Thousands of small business owners who recently applied for relief from the Small Business Administration's (SBA) Economic Injury Disaster Loan (EIDL) program may have had their private information exposed in a major security mishap. A Trump administration official confirmed the development to CNBC.
Without a doubt, this is distressing news for small business owners. A nationally conducted survey by WalletHub noted that 87 percent of these owners report that the coronavirus has had a hugely destructive impact on their business. A $2 trillion stimulus package containing $500 billion in loans for businesses, signed by Donald Trump, could help — but a leak like this one inspires little confidence in the agency's security infrastructure.
What was exposed — Almost 8,000 applicants may have been affected. CNBC reported that if a small business owner wanted to apply for a loan, they had to provide their personal information on the portal. If they hit the page back button, they may have accessed information belonging to another business owner. This type of data leak was previously seen on Steam as well.
Exposed information included extremely personal details like people's Social Security Numbers, their personal home addresses, their marital and citizenship statuses, their annual income, information about their insurance and tax, and much more. So far, according to SBA, there have been no reports of identity theft, fraud, or similar schemes from affected applicants.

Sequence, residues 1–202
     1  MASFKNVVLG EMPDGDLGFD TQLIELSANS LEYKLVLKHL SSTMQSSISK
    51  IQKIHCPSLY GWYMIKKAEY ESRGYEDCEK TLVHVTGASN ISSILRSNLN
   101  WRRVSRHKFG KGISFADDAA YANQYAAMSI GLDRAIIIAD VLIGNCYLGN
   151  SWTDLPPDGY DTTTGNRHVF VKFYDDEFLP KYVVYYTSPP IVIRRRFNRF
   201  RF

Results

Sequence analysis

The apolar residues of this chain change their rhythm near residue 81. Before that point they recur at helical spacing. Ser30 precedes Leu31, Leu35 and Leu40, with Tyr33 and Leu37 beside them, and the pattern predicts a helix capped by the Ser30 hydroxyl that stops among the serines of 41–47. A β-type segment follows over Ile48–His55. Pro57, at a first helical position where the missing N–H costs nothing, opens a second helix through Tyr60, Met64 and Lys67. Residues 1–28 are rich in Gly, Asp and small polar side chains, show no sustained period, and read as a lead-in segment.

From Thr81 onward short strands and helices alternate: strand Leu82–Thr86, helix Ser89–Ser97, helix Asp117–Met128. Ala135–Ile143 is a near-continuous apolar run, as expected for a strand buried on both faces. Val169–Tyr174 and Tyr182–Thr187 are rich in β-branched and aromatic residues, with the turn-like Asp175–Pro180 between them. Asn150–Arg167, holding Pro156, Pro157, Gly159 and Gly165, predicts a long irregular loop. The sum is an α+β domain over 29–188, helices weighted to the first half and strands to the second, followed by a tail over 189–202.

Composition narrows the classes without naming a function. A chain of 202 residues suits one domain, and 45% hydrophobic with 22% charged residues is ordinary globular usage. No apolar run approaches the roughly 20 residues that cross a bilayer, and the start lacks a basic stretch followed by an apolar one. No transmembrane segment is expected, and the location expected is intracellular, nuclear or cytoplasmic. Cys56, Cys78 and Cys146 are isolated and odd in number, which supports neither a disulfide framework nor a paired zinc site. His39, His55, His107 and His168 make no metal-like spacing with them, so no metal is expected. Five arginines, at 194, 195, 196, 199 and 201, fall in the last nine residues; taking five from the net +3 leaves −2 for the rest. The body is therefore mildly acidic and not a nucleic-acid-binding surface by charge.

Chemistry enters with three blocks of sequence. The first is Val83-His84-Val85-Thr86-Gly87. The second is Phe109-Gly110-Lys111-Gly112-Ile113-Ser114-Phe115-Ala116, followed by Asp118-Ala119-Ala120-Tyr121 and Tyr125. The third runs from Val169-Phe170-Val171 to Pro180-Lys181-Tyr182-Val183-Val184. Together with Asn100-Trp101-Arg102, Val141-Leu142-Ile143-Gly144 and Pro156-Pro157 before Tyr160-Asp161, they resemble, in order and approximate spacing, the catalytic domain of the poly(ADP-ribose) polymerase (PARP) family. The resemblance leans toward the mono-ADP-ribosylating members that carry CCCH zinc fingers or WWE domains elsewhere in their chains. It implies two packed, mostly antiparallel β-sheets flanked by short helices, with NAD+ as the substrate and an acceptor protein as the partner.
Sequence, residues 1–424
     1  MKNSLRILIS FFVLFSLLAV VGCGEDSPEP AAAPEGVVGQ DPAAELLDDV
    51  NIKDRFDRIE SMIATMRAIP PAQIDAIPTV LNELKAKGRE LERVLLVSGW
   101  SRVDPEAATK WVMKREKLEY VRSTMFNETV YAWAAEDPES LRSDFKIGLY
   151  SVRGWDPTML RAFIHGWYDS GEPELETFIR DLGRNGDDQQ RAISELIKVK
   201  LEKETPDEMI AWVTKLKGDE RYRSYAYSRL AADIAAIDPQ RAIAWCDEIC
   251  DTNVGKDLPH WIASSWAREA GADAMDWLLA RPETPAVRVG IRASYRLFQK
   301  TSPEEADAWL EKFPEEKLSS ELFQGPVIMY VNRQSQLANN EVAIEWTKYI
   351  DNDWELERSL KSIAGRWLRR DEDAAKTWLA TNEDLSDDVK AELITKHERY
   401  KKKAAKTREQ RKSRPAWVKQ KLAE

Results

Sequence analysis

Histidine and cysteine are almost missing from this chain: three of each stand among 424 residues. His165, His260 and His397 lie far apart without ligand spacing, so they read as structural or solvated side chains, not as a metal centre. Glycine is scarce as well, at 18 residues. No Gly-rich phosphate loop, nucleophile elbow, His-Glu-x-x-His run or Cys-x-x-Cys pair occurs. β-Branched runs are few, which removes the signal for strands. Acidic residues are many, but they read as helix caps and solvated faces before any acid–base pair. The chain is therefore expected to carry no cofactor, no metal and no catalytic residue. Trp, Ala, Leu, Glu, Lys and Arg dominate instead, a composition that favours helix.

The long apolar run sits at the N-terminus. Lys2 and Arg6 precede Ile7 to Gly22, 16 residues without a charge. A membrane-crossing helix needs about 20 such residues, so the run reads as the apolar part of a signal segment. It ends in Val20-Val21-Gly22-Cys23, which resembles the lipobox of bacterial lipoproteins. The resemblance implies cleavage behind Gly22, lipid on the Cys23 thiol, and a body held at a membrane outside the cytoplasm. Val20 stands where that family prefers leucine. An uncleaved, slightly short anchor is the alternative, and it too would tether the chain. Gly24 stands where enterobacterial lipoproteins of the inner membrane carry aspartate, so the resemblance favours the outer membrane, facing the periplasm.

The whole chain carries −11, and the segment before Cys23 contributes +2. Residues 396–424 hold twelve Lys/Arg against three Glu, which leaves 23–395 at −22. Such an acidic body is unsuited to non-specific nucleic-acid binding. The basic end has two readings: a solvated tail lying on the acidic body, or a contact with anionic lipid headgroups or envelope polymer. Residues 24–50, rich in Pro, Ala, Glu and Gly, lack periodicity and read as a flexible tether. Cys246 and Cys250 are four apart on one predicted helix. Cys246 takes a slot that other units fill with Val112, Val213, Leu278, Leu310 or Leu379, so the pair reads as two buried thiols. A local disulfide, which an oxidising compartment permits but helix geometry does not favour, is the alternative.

Here's the timeline — The SBA told CNBC that the issue was spotted on March 25 and affected individuals were immediately notified. As a remedy, the SBA told CNBC that it would offer affected accounts a year of credit monitoring at no cost to them, and noted that it also disabled the compromised segment of the website. Those affected will also get identity theft protection services as an offer.
It's worth noting here that the EIDL is a separate entity and should not be confused with the Paycheck Protection Program. So far, SBA reports that 755,476 EIDL emergency grants have been approved under COVID-19, with expectations for even more applications. During these tense times, it is natural for loan programs to see an overwhelming demand for help — as they've witnessed similar heightened calls for relief during natural disasters like hurricanes and tornadoes. But these federal agencies have to do better at providing sound technical solutions that don't cost struggling people their basic privacy. It's the least they can do.